Fleeing Again

Risky Voyage

In view of a potentially indefinite waiting period for resettlement, the threat of repatriation, and abduction by Chinese security forces overseas, some asylum seekers and refugees are determined to flee once more. Prior to the scheduled interview with the UNHCR in 2017, Falun Gong practitioner Dong Junming (董俊明) undertook a risky voyage to New Zealand, some 6,000 miles away from Pattaya, on February 29, 2016. Dong was joined by six like-minded asylum seekers and two children.  

In early March, a few days into their voyage, the yacht capsized off the Thai coast. In an interview with overseas media, Dong said that “[i]t’s highly risky out there on the ocean, but we are so fearful here in Thailand that I thought I should take the risk.” All travellers who boarded the yacht, including China Democracy Party member Li Xiaolong (黎小龙), were returned to Thailand after the failed escape. Some were placed in immigration detention centers while at least one of them stood trial for illegal entry into Thailand in January 2017.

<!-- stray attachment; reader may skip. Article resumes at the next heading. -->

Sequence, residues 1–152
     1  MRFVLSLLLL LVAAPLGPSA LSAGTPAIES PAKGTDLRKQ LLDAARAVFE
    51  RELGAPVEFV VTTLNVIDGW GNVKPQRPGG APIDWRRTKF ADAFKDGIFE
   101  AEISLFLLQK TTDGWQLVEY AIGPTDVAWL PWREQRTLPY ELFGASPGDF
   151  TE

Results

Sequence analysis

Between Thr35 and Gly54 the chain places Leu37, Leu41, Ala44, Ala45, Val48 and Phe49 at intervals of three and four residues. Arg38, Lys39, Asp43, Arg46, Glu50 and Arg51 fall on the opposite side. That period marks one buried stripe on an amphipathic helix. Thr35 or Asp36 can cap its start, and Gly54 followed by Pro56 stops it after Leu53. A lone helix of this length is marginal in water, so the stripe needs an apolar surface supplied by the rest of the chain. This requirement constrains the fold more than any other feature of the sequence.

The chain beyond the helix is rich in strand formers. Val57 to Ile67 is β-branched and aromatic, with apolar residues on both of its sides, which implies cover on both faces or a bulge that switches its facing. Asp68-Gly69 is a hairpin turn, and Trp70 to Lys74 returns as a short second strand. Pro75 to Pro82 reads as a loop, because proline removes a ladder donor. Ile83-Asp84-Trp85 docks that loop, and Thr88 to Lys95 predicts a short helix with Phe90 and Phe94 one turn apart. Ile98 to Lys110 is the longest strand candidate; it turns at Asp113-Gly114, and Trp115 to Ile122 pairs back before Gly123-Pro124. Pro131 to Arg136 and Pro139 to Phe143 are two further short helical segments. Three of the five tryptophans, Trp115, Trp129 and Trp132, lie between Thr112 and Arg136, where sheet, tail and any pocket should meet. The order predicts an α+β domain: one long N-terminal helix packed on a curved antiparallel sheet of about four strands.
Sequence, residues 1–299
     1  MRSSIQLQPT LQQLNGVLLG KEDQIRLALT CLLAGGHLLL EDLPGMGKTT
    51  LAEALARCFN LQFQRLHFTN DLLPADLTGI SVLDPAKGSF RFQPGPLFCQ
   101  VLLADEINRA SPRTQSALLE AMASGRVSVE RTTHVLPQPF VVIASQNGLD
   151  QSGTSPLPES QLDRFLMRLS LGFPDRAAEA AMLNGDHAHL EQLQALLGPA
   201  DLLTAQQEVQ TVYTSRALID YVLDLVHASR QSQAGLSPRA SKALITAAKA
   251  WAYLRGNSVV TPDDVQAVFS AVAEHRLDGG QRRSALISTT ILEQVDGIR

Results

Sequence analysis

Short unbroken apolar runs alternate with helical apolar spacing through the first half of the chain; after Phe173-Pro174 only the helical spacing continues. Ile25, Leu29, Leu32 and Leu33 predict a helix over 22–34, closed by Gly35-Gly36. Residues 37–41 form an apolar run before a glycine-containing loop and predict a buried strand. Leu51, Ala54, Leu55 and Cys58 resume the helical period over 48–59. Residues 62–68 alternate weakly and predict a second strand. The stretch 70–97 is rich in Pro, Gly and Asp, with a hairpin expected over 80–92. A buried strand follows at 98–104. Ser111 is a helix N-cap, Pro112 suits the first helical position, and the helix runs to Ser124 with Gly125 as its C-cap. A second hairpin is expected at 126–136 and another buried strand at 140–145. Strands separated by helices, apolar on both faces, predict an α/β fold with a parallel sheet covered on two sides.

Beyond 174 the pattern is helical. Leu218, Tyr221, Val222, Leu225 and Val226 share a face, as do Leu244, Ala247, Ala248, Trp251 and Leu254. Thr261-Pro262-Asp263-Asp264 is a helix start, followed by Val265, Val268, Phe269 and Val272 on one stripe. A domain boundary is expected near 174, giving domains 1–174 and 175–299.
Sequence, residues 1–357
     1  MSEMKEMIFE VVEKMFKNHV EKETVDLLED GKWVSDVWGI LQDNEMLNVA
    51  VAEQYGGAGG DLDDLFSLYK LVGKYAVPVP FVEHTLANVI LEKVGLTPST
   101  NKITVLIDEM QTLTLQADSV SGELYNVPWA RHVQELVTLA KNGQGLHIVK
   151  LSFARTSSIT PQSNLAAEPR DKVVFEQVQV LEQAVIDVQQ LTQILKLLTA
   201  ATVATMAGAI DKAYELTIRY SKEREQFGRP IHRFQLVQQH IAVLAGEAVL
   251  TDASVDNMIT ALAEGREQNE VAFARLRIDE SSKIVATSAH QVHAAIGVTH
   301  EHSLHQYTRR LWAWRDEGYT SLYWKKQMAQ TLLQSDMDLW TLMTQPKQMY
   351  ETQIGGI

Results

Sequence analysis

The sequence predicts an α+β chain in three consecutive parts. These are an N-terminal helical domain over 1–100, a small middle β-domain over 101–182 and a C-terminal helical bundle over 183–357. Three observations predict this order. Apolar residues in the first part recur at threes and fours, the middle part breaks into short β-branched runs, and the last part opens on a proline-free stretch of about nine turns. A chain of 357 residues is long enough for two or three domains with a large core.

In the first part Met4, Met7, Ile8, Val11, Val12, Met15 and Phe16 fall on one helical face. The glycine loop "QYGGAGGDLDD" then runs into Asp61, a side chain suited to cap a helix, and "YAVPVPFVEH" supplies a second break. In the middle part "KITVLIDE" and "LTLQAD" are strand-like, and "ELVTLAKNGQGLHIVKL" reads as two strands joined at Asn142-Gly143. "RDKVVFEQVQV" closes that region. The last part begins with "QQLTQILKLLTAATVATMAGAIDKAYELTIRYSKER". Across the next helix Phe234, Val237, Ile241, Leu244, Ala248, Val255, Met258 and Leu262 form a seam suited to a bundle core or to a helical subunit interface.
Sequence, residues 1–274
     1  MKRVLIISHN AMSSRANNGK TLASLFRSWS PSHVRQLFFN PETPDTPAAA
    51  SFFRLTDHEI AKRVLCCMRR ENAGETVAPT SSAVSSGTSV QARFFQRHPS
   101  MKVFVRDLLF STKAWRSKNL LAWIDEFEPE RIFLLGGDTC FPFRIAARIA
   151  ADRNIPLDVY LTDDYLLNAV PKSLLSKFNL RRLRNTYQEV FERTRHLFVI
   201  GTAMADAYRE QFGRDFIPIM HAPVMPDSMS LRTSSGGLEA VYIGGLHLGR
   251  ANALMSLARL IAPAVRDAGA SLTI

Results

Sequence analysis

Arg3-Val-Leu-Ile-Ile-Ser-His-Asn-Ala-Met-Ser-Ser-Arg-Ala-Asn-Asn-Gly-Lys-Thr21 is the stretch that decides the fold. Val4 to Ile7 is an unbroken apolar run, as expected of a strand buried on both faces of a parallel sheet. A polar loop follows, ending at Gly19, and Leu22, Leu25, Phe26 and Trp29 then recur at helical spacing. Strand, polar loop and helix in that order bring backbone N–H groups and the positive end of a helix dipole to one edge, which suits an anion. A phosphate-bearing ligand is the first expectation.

To Taiwan

In a bid to evade the extending reach of China in Thailand, some dissidents have chosen to flee once more to Taiwan. Huang Yan (黄燕)  fled to Thailand in 2016 after years of harassment, repeated incarceration, and alleged torture for speaking out in support of Gao Zhisheng. In May 2018, she flew to Jakarta, then to Taiwan, where she was granted temporary leave to remain until the United States granted her political asylum in January 2019. 

Following in Huang’s footsteps, China Democracy Party members Yan Bojun (颜伯钧) and Liu Xinglian (刘兴联) left Bangkok four months after Huang’s arrival in Taiwan. They were granted entry in February 2019 on the basis of “professional exchanges” after 125 days at Taipei Taoyuan airport. At the time of writing, both men have been granted asylum protection in Canada. 

On September 29, 2016, Taiwan’s Mainland Affairs Council Deputy Minister Chiu Chui-cheng expresses concerns over the situation in Hong Kong but says Taiwan will not intervene. Image credit: Voice of America via Wikimedia Commons